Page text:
The expanded fluid freed from the droplets issues by the upper central channel 15--15 towards the recycling channel (not shown).

In one variant of the device of FIG. 6, it is possible to empty the recovery pot 12, a duct 20 equipped with a stock cock 21 allowing drawing off of the collected substances (in dotted lines on FIG. 6).

If Qm designates the mass flow-rate entering into the device of FIG. 6 after expansion, it is possible to calculate, due to a state equation such as the Peng-Robinson equation, the density ρ, from which the volume flow-rate Qv =Qm/ρ.

Experience has shown that good results are obtained for ρV2 <2,000 kgm-1.sec-2, it is possible to define d so that ##EQU1## or comprise between 2 and 30 m/sec, and preferably between 2 and 10 m/sec.

With respect to the diameter D of the cyclonic chamber 9, experience has shown that the best results are obtained for D=kd with 2.5≦k≦4. These experiments have also shown that the best results are obtained with 1.5D≦L≦5D and 1.5≦H≦5D, which allows to define the optimal dimensions of the cyclonic chamber 9.

More specifically, it is possible to give the following example.

A mass flow-rate Qm=8 kg/h of CO2 loaded with a small content of extract (lower than 1% by weight, for example) expanded to 60 bars and maintained at 35 C. bars in the device described herein-below. The critical pressure of the CO2 is 73 bars, its critical temperature 31.3 C. The expansion to 60 bars was obtained in the expander upstream from the device (not represented) thus passing from a supercritical fluid to supercritical gas.

In this case, use may be of a device in which the diameter d of the inlet channel is 2.5 mm, the diameter D of the cyclonic chamber is 10 mm, the length L of its cylindrical part 20 mm and the height H of its conical part 15 mm. This device can be produced in stainless steel with polytetrafluoroethylene joints (PTFE) between the three main pieces (2, 3, and 4 of FIG. 6), thereby allowing to withstand for example pressures of about 200 bars, at temperatures close to ambient temperature (from 0 to 80 C., for example) by selecting adequate thicknesses calculated by conventional means in the field of the strength of materials.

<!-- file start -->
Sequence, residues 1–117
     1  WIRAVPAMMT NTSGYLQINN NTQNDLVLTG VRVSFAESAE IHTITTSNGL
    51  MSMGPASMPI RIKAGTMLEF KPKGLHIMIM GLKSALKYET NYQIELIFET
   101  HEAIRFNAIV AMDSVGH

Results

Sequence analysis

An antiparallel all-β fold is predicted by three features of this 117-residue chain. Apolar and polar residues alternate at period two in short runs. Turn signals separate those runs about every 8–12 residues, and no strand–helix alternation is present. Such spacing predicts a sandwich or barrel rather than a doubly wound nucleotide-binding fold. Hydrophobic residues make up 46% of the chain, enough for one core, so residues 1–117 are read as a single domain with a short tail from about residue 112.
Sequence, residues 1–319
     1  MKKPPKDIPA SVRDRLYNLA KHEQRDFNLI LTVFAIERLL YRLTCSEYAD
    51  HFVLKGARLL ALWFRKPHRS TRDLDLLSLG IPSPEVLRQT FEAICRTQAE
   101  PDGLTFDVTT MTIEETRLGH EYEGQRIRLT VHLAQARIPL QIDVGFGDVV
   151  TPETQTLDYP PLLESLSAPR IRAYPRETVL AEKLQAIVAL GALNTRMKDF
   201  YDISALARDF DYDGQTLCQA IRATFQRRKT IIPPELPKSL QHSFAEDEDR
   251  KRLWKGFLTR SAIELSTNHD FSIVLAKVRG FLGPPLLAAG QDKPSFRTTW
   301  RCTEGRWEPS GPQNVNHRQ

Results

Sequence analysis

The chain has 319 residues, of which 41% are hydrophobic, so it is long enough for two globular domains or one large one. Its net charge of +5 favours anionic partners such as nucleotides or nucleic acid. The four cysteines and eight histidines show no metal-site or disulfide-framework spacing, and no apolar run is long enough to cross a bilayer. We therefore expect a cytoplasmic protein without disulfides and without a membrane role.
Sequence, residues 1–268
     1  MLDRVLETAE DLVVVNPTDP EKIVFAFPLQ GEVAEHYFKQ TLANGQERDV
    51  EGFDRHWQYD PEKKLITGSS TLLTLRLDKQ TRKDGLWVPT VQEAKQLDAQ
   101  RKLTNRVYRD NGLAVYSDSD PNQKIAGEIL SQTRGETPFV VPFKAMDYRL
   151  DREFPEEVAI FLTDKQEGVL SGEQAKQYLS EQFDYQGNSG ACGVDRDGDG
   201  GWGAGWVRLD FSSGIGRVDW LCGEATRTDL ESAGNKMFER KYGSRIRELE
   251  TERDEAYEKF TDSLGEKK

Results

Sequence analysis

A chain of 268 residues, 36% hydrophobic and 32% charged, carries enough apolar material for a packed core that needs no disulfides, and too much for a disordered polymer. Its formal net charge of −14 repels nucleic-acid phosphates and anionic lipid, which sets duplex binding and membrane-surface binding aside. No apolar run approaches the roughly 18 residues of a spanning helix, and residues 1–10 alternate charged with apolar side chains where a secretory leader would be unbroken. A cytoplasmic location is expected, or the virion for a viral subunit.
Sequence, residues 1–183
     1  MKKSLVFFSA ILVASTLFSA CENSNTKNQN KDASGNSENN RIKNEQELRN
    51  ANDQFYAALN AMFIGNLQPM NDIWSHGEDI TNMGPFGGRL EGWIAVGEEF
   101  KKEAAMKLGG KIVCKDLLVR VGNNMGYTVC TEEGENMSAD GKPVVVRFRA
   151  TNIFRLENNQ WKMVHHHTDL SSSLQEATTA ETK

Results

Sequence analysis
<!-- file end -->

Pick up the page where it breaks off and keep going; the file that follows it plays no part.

The heat transfer fluid brings by the jackets or double casings 16 and 17, the enthalpy necessary to ensure temperatures more convenient for the flow towards pot 12 of the centrifuged droplets. It is therefore preferable to provide connections with automatic sealings 18 and 19 schematically represented on FIG. 6 in order to be able to dismantle the receiver 4 and extract the pot 12 without having to empty the whole of the device of its heat-conveying fluid.

According to a first variant, it is possible to utilize (FIG. 7) several successive devices such as those of FIG. 6 mounted in series, and designated P1 P2 . . . Pn. Each device is equipped with its expansion valve VD1, VD2, . . . VDn, the solvent outlet of each device being switched to the inlet of the expansion valve of the following device. At each step thus constituted, are received in the recovery pot (or in the corresponding channel), the fractions thus separated and the solvent is sent to the next step for a fresh separation at lower pressure obtained through an expansion valve VD. Thereby, step by step, the solvent/extract separation is perfected.

It is even possible to envisage carrying out a certain stripping of the extract, the composition of the fractions of the extract depending upon the operating pressure.

According to another variant, it is possible to use one or several devices (FIG. 8) according to the invention, possibly disposed in series according to a configuration equivalent to that of FIG. 7, not which the aim of performing a staged expansion on the main solvent+extract stream, but to facilitate recovery at atmospheric pressure, these products having precipitated in one or several expansion pots conventionally used in installations using the supercritical fluids.